James_Gale

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Re: Coronavirus news
« Reply #1041 on: April 16, 2020, 01:30:08 PM »
I have said before, there is plenty of blame to go around, and some of it no doubt dating back years maybe even decades.
. . . . .
 
[But] laying blame or attempting to find a scapegoat is [unhelpful] when it detracts from the war at hand.


Ah, the irony.

D. Engebretson

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Re: Coronavirus news
« Reply #1042 on: April 16, 2020, 01:43:36 PM »
I have said before, there is plenty of blame to go around, and some of it no doubt dating back years maybe even decades. But this is now. And I believe we must focus on what is being done or is not being done now, now beginning about early January when we heard about this particular threat.

It is true that the primary focus should be on the present.  That said, every leader inherits the good and the bad from previous eras.  He works with what he has and the federal government is a development of many years with the influence of multiple administrations. No doubt mistakes were made by the current administration.  Every administration makes them, especially during times when you are 'in the heat of the battle.'  Critical incidents often require immediate actions that do not benefit from extended study or reflection.  They also depend on structures and protocols put in place in prior times.  So, to a degree, some focus must be on what was done before and why certain things are not working well in the present.  It is not all a matter of what comes out of the White House, or congress.  There are layers upon layers of bureaucracy in our federal government, and additional layers in the state and local governments.  Getting everyone to work in concert is a trick, and it's not always pretty.  I've seen a flood in my area managed by multiple agencies, which included the military, law enforcement, and fire, and although it worked, it was messy at times.  Many of us had not tried to coordinate this large of an operation on the local level.  We made mistakes.  Did the local mayor fail at all? Probably.  How about the police chief, the fire chief, the sheriff, or any of military leaders present?  All probably shared in some blame for mistakes and missteps.  But in a later debriefing you try to find what worked and what didn't and make careful notes for those who may have to face the same crisis in the unknown future.
Pastor Don Engebretson
St. Peter Lutheran Church of Polar (Antigo) WI

Brian Stoffregen

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Re: Coronavirus news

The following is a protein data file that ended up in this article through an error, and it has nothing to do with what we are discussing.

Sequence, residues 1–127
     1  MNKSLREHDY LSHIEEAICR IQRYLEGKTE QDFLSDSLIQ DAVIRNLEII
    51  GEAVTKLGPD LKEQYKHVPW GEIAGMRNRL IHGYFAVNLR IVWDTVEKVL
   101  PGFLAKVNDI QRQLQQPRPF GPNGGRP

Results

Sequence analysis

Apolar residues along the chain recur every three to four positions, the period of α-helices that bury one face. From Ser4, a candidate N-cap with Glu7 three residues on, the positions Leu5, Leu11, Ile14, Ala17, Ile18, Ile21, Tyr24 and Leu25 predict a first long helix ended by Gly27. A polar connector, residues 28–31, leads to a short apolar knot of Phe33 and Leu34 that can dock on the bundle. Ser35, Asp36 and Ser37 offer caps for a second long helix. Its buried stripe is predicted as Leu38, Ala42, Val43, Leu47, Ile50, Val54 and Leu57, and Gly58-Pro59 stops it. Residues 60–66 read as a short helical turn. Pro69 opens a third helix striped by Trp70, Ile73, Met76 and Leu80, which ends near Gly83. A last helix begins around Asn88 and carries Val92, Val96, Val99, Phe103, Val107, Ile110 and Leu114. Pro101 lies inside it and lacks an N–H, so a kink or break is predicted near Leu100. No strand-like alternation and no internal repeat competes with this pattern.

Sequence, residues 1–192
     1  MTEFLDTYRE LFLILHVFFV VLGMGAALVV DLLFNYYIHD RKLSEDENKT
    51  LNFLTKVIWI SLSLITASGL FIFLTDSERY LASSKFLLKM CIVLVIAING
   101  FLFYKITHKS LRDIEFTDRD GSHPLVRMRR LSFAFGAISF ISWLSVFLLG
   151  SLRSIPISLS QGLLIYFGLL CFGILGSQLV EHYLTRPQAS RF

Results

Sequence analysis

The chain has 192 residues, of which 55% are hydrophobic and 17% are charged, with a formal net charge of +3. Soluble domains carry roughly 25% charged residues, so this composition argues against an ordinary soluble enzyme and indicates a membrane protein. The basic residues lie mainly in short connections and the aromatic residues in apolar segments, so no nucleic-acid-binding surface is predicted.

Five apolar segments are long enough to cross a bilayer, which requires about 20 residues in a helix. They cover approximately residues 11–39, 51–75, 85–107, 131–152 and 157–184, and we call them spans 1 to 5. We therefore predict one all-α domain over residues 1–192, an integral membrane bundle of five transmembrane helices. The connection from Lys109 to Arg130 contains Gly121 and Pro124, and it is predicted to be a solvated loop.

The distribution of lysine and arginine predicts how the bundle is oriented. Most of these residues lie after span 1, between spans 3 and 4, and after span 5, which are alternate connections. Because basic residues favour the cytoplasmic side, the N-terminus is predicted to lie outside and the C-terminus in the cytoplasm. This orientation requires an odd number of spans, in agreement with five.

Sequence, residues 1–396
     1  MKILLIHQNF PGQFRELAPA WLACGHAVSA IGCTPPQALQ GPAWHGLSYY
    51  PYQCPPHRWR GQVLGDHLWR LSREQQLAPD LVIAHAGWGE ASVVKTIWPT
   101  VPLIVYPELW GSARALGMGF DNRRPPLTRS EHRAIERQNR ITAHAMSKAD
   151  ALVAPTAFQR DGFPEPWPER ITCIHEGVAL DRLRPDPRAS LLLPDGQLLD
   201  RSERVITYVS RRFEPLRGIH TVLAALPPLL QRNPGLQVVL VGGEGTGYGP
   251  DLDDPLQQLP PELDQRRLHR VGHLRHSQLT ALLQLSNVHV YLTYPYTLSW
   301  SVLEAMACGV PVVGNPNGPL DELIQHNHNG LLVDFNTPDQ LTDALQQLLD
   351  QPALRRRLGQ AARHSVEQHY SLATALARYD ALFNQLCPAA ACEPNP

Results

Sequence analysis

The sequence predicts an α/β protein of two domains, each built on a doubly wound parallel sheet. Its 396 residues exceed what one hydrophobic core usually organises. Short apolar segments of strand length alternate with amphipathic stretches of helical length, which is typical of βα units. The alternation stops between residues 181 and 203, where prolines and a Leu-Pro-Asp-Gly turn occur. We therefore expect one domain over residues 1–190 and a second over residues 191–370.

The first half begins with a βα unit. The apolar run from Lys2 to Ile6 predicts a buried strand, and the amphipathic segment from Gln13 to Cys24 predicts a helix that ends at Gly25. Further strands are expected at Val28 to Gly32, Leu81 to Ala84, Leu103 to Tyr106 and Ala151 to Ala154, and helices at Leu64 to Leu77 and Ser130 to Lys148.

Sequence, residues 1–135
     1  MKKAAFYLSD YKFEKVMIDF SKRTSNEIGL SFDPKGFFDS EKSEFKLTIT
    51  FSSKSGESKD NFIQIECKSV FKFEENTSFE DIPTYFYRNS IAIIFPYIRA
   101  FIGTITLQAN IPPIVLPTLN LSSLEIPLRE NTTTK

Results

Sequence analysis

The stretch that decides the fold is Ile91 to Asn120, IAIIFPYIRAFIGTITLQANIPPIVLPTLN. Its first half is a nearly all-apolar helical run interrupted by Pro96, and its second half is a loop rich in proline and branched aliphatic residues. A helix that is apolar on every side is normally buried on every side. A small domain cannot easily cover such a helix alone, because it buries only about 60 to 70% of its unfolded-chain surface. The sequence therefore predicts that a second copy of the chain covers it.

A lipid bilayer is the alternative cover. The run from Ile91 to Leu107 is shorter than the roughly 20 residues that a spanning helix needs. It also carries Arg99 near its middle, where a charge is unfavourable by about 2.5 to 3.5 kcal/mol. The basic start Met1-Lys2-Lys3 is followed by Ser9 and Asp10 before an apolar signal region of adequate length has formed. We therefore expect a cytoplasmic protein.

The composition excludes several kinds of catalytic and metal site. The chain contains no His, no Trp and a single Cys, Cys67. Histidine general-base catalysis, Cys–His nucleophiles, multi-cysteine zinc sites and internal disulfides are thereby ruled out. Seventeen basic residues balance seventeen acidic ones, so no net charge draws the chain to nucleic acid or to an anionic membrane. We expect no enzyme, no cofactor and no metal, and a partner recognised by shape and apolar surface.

« Reply #1043 on: April 16, 2020, 05:17:07 PM »
Again, he threatened something. What did he do? Trump uses whatever he thinks will move the ball. In this case, everyone knows that President can’t adjourn Congress, but everyone also now knows that Congress has been refusing to approve a full staff for the administration while criticizing the efforts of that staff. Mission accomplished.

What the president huffs and puffs about is moot. What he does matters.


If a married pastor huffed and puffed about having sex with a beautiful, single church member; but never actually has sex with her, does it matter? Words matter. Actions may speak louder; but words matter.
"The church … had made us like ill-taught piano students; we play our songs, but we never really hear them, because our main concern is not to make music, but but to avoid some flub that will get us in dutch." [Robert Capon, _Between Noon and Three_, p. 148]

Charles Austin

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Re: Coronavirus news
« Reply #1044 on: April 17, 2020, 05:30:42 AM »
In today’s news, from the NYT, my emphasis added):
W.H.O., Now Trump’s Scapegoat, Warned About Coronavirus Early and Often
The World Health Organization, always cautious, acted more forcefully and faster than many national governments. But President Trump has decided to cut off U.S. funding to the organization.
   On Jan. 22, two days after Chinese officials first publicized the serious threat posed by the new virus ravaging the city of Wuhan, the chief of the World Health Organization held the first of what would be months of almost daily media briefings, sounding the alarm, telling the world to take the outbreak seriously.
   But with its officials divided, the W.H.O., still seeing no evidence of sustained spread of the virus outside of China, declined the next day to declare a global public health emergency. A week later, the organization reversed course and made the declaration.
   Those early days of the epidemic illustrated the strengths and weaknesses of the W.H.O., an arm of the United Nations that is now under fire by President Trump, who on Tuesday ordered a cutoff of American funding to the organization.
   With limited, constantly shifting information to go on, the W.H.O. showed an early, consistent determination to treat the new contagion like the threat it would become, and to persuade others to do the same. At the same time, the organization repeatedly praised China, acting and speaking with a political caution born of being an arm of the United Nations, with few resources of its own, unable to do its work without international cooperation.